Keeping up with the drones
From the June 2021 print edition
Imagine decreasing workload and production costs, increasing operating efficiencies and, most important, easing that agonizing pain of first-mile, last-mile delivery speed bumps. The evolution of drone technology and the sophistication for these unmanned aerial devices is extraordinary. The military has used and deployed drones for decades, consumers have mastered navigating and controlling them—in fact, a 16-year-old Toronto teenager was recently recognized as the youngest Canadian to achieve a drone pilot certificate.
Drones are now moving, at an accelerated pace, into cargo delivery. Globally, there is lots of activity with drone cargo delivery technology. Airlines in Africa, Asia and Europe are getting into the drone cargo business for an unmanned alternative. The US has 377,000 drones registered with the Federal Aviation Administration (FAA). Europe-based Dronamics’ Black Swan, its flagship unmanned cargo drone, can carry 350kg of cargo up to 2,400km at an 80 per cent lower cost than aircraft. It has said that it will have subsidiaries in Canada, Ireland and Australia.
Last November, Air Canada announced it could soon operate unmanned drones for logistics intermediary shippers and third-party logistics. Jaunt Air Mobility will be designing and manufacturing its family of eVTOL aircraft in Montreal.
A first in Canada, InDro Robotics Inc. achieved the Canadian Transport Agency’s (CTA) approval to operate domestic air service for cargo drone delivery. This license means it can ship up to 10kg.
The push for battery electric vehicles (BEVs) and autonomous ground vehicles is also paving the way for drones. “Between autonomous ground and air delivery vehicles, there are similarities,” says Barrie Kirk, executive director of the Canadian Automated Vehicles Centre of Excellence (CAVCOE). “The kinds of LiDARs (light detection and ranging sensors) that are used on drones are the same basic concept for autonomous ground mobility. On the ground there are a lot of targets to track that are moving slowly, whereas in the air, there are fewer things to track, but the drone is moving quickly.”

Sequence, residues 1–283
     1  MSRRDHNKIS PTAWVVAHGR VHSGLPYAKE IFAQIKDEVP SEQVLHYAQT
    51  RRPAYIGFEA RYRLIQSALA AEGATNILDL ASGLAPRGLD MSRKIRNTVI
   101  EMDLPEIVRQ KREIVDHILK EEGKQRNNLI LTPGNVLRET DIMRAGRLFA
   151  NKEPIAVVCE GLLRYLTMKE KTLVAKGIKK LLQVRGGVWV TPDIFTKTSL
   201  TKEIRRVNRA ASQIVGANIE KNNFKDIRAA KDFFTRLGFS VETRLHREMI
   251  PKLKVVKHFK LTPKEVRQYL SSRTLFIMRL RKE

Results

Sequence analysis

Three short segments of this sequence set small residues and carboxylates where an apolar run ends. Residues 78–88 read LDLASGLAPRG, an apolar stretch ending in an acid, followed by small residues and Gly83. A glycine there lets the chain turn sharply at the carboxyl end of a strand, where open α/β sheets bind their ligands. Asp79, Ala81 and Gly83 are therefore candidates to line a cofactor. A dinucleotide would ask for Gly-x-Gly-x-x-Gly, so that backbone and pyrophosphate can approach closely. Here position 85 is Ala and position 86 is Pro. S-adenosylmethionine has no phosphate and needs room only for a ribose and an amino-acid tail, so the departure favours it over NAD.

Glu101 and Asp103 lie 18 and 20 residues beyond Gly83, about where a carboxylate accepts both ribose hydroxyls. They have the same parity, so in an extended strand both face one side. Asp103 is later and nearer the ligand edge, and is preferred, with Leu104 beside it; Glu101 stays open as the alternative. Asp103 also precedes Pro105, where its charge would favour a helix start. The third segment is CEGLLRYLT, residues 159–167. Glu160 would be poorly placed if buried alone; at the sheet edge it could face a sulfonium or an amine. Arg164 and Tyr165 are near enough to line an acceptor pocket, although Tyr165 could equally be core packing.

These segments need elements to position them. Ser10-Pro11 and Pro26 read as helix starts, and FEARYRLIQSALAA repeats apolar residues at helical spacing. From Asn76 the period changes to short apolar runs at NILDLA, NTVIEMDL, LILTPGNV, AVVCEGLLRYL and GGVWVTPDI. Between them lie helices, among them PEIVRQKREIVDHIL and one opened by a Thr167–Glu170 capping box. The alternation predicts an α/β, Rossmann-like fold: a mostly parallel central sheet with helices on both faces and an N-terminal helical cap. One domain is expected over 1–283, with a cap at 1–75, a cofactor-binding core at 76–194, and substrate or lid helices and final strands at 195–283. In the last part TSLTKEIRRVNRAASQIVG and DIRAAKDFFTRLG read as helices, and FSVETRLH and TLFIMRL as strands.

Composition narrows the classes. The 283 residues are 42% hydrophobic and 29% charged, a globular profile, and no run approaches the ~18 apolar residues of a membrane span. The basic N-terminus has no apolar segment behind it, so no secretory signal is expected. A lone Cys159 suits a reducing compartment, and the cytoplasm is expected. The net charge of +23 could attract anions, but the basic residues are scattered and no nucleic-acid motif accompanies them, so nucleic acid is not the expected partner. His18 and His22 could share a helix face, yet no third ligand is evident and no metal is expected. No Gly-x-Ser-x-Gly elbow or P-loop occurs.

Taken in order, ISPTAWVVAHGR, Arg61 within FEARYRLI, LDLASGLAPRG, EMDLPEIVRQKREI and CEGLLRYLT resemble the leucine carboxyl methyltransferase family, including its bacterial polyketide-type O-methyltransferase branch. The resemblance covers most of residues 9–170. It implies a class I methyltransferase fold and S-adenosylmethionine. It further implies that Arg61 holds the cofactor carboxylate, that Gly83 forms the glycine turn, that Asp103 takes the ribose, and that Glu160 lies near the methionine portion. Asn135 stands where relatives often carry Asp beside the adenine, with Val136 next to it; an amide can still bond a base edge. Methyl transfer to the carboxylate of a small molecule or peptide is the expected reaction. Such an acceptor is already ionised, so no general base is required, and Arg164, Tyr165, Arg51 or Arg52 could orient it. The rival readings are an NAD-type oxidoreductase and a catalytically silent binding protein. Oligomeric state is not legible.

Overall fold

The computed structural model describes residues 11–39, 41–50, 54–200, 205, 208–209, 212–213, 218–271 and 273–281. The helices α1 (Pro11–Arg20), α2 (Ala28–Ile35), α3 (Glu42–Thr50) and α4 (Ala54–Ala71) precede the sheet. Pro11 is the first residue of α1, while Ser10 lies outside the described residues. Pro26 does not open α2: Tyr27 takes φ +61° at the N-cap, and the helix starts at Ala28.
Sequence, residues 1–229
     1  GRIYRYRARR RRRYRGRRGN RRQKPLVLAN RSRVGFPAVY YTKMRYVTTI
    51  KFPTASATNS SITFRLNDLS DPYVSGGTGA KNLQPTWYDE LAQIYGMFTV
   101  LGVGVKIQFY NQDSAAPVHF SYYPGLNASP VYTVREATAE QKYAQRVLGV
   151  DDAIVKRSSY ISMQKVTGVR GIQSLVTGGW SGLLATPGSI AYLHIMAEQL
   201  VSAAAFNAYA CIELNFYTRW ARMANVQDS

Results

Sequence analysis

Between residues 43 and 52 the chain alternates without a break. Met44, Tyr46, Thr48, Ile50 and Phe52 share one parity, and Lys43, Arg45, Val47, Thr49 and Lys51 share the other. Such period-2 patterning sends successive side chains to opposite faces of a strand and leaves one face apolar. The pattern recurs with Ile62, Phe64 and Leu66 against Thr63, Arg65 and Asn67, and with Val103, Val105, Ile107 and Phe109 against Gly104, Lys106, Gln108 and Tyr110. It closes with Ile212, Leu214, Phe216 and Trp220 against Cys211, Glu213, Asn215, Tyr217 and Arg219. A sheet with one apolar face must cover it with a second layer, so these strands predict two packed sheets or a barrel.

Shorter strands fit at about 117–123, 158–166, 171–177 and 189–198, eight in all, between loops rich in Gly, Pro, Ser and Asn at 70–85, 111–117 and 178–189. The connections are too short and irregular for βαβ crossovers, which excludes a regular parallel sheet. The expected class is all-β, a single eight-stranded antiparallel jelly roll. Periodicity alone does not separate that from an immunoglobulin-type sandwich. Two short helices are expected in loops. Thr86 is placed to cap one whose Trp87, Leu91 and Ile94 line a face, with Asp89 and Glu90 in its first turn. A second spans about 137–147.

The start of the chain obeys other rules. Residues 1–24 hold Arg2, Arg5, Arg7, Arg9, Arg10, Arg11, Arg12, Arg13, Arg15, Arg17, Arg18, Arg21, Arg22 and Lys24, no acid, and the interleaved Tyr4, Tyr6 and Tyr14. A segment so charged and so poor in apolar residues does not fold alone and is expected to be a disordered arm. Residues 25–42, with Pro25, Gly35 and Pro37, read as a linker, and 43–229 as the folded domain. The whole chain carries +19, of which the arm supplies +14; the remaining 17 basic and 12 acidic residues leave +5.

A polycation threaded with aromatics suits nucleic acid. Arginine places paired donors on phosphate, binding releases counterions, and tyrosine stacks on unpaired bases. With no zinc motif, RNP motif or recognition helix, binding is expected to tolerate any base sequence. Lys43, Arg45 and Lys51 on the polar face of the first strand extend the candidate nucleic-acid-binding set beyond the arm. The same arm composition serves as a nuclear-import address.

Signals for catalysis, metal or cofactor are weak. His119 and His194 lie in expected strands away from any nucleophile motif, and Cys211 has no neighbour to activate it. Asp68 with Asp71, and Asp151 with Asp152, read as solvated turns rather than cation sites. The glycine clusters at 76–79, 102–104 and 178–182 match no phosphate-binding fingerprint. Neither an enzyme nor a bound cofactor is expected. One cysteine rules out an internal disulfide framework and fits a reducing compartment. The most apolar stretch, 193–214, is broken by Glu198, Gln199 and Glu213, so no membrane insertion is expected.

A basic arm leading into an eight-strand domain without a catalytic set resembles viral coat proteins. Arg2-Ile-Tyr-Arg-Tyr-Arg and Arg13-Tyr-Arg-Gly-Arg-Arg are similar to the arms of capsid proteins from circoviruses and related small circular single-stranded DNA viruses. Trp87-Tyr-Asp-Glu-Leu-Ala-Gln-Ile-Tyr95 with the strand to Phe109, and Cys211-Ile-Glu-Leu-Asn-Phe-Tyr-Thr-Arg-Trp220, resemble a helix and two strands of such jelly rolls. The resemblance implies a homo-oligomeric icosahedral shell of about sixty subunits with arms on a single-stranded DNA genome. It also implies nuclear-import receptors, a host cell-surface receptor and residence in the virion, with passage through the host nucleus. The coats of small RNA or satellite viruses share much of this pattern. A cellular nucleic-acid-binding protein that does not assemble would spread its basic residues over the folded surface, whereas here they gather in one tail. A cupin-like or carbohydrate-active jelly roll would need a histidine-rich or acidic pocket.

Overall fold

Kirk says there are various market segments, including Amazon, doing pilots and research for using drones for first-mile, last-mile delivery. “But there’s also a lot of activity in ground-based robots.”
UPS has been conducting pilots that use a delivery van that drives to a location, the roof slides open and a drone lifts off with a parcel. Once delivered, the drone returns to the van, even if the van has moved to a different location, says Kirk.
The real driver in this technology, according to Mark Aruja, director of Unmanned Systems Canada, is the small and powerful electric motors, along with the evolution of battery technology and digital technologies. “[They use] accelerometers that came from airbags deployed in cars, the cameras on them came from cell phones,” he says. “People look at these little helicopter drones and think it’s low tech, but actually what’s in there is more sophisticated than aircraft that fly people.”
Aruja says that the pandemic has accelerated drone cargo delivery technology and it’s driven by e-commerce. Consumers are impatient and the demand for same-day or next-day delivery has never been greater.
Kirk agrees. “There are certainly a lot more parcels being delivered now compared to pre-COVID times,” he says. “That is a big driver. But there’s also a desire to improve delivery to remote communities and indigenous communities. Improved delivery of parcels and medical supplies to remote communities helps improve the quality of life. And certainly, the cost is lower by drone than if you had someone actually flying the plane.”
Drone Delivery Canada, a Canadian success story, has been in business for seven years. “All
of the intellectual property patents are ours,” says Michael Zahra, president and CEO of the company. “I hesitate to call us a drone company because we don’t just sell a piece of hardware or software. It’s a turnkey infrastructure solution for logistics applications that’s sold as a managed service that includes consulting, set up, implementation and the ongoing management of the solution.”
Drone Delivery has three drones in its fleet—the Sparrow and Robin XL, which are electric units, and the Condor, which is a larger helicopter style gasoline powered drone. The fleet offers ranges of 30km to 200km carrying payloads of 4.5kg to 180kg.
“The Sparrow has been operating for more than four years now. The Robin XL and Condor are in testing and are expected in the near future,” says Zahra. “We’ve done a number of pilot projects – we’ve flown in the US with the FAA and we’ve flown at Moose Cree First Nation. We’ve also had First Nations pandemic projects with Georgina Island and Beausoleil First Nations.”